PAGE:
• Leg cramps. Have you been experiencing painful calf or foot muscle contractions lately? It’s not unusual to feel this kind of cramping at 24 weeks pregnant. In fact, you might encounter this symptom from time to time right up until the day your baby is born. Although experts don’t know the exact cause of leg cramps during pregnancy, they do agree what to do about them. Stretch your calf muscles before you go to sleep at night, stay physically fit through regular exercise, and drink plenty of water to help reduce cramping.
Your Go-To Pregnancy GuideYour Go-To Pregnancy GuideYour Go-To Pregnancy Guide

24 Weeks Pregnant: Things to Consider

  • As your belly grows, you and your partner may be wondering whether sex is still safe. If your pregnancy is progressing normally, having sex is probably safe, but if your pregnancy has complications, your healthcare provider may recommend you abstain. Because everyone’s situation is unique, your provider is the best person to ask about your specific situation. Read up on sex during pregnancy for more information, and discuss your feelings with your partner, too. Keep in mind that during pregnancy the sex drive of both you and your partner may vary.
  • A glucose screening test is usually done some time between 24 and 28 weeks of pregnancy. The test will help your healthcare provider assess your risk of gestational diabetes. Your provider will advise you if you need this test; to learn more, see our article on glucose screening and testing.
  • As your belly gets larger, you'll need to make adjustments to your daily routine, such as how you can fasten your seatbelt to safely protect you and your baby. The lap strap of the seatbelt should go under your belly and rest snugly against your hip bones. Put the shoulder strap across the center of your chest rather than under your arm. Never cross any part of the seatbelt over your belly.
  • Staying hydrated is important, but many people struggle to drink enough each day. As a mom-to-be, you need plenty of water to stay healthy and to support your growing baby. Experts recommend you drink about 10 cups of fluid a day. Get the bulk of your fluid intake from water, but you could also have the occasional juice or, coffee, too. If you tend to forget to drink during your busy day, set a phone reminder that prompts you to drink a glass of water every few hours; download a hydration app that tracks your intake and reminds you if you fall behind; or set out full bottles of water at the start of each day to prompt you to get through all of them.

24 Weeks Pregnant: Your Checklist

Feeling stressed? Pamper yourself with a prenatal massage. Find a massage therapist who is specially trained to treat moms-to-be.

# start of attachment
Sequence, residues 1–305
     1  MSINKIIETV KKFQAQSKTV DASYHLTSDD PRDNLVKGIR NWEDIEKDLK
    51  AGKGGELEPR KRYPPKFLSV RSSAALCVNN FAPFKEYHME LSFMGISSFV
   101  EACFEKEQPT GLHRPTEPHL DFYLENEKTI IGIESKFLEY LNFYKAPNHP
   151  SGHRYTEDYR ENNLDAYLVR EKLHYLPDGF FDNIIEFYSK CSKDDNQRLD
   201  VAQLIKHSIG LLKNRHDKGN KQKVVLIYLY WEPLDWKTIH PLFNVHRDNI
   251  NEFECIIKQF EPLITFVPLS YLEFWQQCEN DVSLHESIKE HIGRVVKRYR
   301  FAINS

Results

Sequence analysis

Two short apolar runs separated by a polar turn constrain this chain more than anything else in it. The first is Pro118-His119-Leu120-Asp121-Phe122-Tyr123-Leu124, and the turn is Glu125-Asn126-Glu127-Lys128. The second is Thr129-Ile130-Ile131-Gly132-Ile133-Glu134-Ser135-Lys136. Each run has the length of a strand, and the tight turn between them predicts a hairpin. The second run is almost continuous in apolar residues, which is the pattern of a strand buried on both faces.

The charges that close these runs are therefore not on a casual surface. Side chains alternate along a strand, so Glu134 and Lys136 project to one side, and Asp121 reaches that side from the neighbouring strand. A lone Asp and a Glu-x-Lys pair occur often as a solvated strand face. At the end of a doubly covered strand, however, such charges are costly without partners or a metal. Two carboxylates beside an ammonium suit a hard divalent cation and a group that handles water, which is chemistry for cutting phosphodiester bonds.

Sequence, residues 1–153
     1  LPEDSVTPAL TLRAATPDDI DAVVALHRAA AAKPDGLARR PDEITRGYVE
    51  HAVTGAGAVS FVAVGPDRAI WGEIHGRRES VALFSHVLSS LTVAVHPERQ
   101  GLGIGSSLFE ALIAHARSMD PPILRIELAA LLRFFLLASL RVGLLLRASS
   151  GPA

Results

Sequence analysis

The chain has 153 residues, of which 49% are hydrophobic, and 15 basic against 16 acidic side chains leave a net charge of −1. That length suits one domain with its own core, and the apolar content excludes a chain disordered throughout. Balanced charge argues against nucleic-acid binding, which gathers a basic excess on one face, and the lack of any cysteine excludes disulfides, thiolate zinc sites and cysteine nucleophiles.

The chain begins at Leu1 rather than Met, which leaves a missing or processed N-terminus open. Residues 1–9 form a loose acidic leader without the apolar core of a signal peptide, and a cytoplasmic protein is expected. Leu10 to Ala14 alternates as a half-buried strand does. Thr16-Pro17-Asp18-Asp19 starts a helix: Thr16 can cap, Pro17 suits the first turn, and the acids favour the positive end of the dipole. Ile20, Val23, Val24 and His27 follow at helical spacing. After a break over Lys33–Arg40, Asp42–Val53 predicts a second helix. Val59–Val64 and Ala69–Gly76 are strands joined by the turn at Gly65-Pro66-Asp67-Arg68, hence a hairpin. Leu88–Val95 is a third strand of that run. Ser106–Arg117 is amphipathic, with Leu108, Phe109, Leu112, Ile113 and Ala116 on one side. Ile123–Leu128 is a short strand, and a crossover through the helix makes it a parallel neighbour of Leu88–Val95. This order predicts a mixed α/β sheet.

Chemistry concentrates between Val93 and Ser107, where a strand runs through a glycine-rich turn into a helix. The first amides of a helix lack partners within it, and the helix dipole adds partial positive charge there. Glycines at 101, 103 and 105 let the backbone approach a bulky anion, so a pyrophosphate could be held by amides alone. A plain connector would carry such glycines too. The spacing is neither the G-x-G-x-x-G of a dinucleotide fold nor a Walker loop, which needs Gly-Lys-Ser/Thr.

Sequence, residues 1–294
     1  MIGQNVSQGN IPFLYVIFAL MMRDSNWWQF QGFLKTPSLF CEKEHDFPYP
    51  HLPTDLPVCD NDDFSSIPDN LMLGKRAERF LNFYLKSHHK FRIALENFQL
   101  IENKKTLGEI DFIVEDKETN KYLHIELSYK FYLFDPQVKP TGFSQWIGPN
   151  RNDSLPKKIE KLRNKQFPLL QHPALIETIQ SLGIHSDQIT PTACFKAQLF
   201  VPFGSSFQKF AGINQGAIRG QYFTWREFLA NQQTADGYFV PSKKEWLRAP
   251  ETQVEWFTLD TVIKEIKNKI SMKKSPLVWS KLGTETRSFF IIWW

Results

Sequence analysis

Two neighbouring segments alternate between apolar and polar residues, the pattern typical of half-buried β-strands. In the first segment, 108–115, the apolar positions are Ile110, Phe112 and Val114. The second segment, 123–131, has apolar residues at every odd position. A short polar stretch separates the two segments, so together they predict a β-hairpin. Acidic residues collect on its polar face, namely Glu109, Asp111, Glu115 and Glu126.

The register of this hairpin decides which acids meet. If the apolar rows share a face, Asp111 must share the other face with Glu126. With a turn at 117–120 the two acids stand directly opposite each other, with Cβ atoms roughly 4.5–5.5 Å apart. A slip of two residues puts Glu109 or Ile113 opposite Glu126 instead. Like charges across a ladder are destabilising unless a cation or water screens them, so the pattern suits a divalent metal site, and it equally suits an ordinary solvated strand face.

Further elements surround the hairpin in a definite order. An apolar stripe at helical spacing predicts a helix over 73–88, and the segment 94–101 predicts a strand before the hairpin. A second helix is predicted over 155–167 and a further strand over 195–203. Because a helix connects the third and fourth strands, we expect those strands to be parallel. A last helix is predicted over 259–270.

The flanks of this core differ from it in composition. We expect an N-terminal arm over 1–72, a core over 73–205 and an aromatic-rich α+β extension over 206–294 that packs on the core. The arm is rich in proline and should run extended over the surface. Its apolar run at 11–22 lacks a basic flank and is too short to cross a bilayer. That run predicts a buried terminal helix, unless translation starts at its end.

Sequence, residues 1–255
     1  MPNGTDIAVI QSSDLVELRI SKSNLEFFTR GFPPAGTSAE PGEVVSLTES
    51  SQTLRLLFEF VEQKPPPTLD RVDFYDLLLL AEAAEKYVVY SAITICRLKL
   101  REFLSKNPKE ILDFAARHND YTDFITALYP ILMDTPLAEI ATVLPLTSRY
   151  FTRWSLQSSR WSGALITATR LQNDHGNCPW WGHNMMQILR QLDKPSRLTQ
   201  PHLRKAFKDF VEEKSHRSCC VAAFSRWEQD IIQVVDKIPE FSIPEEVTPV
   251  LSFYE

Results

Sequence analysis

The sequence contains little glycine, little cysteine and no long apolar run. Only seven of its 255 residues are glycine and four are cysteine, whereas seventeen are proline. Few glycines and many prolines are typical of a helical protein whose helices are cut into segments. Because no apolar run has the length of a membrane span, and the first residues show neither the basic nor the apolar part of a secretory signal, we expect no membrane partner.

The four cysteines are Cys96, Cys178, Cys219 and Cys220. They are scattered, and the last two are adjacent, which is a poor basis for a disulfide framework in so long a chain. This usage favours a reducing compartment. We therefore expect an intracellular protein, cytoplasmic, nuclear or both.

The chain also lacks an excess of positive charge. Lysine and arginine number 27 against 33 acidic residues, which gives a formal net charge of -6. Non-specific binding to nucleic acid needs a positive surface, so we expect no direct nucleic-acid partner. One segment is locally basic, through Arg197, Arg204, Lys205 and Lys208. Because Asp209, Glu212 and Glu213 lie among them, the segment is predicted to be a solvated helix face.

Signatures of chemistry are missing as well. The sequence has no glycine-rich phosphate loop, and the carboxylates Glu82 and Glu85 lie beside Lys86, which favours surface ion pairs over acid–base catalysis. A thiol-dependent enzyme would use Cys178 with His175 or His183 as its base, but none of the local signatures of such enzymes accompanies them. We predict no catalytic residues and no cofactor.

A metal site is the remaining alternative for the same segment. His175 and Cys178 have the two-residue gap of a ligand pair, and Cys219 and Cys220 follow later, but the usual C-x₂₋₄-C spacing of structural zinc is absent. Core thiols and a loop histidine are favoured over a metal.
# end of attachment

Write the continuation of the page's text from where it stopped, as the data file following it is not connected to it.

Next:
The next few weeks could be a good opportunity to travel before your baby is born. After about 28 weeks of pregnancy, it’s typically more difficult to travel, because walking a lot can be tiring and sitting for long periods can be extremely uncomfortable. If you’ve been thinking about a getaway, start organizing a last-minute vacation. It’s not a bad idea to discuss your travel plans with your healthcare provider. You can also read our article on travel during pregnancy.

In the third trimester you’ll have a lot on your plate, so take the time now to get a few things done, such as planning photos you'd like to take of your newborn. Check out these tips for taking great baby photos in the hospital.

Sign up for even more weekly pregnancy tips:

24 Weeks Pregnant: Your Checklist

Feeling stressed? Pamper yourself with a prenatal massage. Find a massage therapist who is specially trained to treat moms-to-be.

The next few weeks could be a good opportunity to travel before your baby is born. After about 28 weeks of pregnancy, it’s typically more difficult to travel, because walking a lot can be tiring and sitting for long periods can be extremely uncomfortable. If you’ve been thinking about a getaway, start organizing a last-minute vacation. It’s not a bad idea to discuss your travel plans with your healthcare provider. You can also read our article on travel during pregnancy.

In the third trimester you’ll have a lot on your plate, so take the time now to get a few things done, such as planning photos you'd like to take of your newborn. Check out these tips for taking great baby photos in the hospital.

Sign up for even more weekly pregnancy tips:

Sign up to get weekly pregnancy tips